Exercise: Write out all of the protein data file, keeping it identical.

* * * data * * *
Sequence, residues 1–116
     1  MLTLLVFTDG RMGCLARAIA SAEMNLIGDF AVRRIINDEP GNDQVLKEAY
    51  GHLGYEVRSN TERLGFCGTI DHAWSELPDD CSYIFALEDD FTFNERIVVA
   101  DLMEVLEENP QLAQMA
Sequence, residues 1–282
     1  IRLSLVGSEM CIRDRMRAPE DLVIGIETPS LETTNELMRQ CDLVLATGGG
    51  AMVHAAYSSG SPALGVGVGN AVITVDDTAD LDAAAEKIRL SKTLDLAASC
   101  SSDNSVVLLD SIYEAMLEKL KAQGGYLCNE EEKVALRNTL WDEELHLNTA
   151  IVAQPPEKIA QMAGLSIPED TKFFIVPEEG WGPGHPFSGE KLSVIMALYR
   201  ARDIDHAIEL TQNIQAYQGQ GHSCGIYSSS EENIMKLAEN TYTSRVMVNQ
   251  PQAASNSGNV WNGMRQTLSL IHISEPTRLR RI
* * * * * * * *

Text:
Sequence, residues 1–116
     1  MLTLLVFTDG RMGCLARAIA SAEMNLIGDF AVRRIINDEP GNDQVLKEAY
    51  GHLGYEVRSN TERLGFCGTI DHAWSELPDD CSYIFALEDD FTFNERIVVA
   101  DLMEVLEENP QLAQMA
Sequence, residues 1–282
     1  IRLSLVGSEM CIRDRMRAPE DLVIGIETPS LETTNELMRQ CDLVLATGGG
    51  AMVHAAYSSG SPALGVGVGN AVITVDDTAD LDAAAEKIRL SKTLDLAASC
   101  SSDNSVVLLD SIYEAMLEKL KAQGGYLCNE EEKVALRNTL WDEELHLNTA
   151  IVAQPPEKIA QMAGLSIPED TKFFIVPEEG WGPGHPFSGE KLSVIMALYR
   201  ARDIDHAIEL TQNIQAYQGQ GHSCGIYSSS EENIMKLAEN TYTSRVMVNQ
   251  PQAASNSGNV WNGMRQTLSL IHISEPTRLR RI